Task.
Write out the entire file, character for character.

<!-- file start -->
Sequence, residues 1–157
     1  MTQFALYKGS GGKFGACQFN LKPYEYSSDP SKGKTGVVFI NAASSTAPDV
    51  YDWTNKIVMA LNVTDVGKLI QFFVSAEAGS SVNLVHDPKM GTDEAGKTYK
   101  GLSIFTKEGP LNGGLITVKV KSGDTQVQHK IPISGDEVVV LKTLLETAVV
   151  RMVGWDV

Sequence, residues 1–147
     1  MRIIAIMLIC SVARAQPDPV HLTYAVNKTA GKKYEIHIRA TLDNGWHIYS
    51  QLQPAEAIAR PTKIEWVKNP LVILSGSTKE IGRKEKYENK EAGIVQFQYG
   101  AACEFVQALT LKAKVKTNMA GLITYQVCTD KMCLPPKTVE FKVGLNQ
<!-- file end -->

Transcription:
Sequence, residues 1–157
     1  MTQFALYKGS GGKFGACQFN LKPYEYSSDP SKGKTGVVFI NAASSTAPDV
    51  YDWTNKIVMA LNVTDVGKLI QFFVSAEAGS SVNLVHDPKM GTDEAGKTYK
   101  GLSIFTKEGP LNGGLITVKV KSGDTQVQHK IPISGDEVVV LKTLLETAVV
   151  RMVGWDV

Sequence, residues 1–147
     1  MRIIAIMLIC SVARAQPDPV HLTYAVNKTA GKKYEIHIRA TLDNGWHIYS
    51  QLQPAEAIAR PTKIEWVKNP LVILSGSTKE IGRKEKYENK EAGIVQFQYG
   101  AACEFVQALT LKAKVKTNMA GLITYQVCTD KMCLPPKTVE FKVGLNQ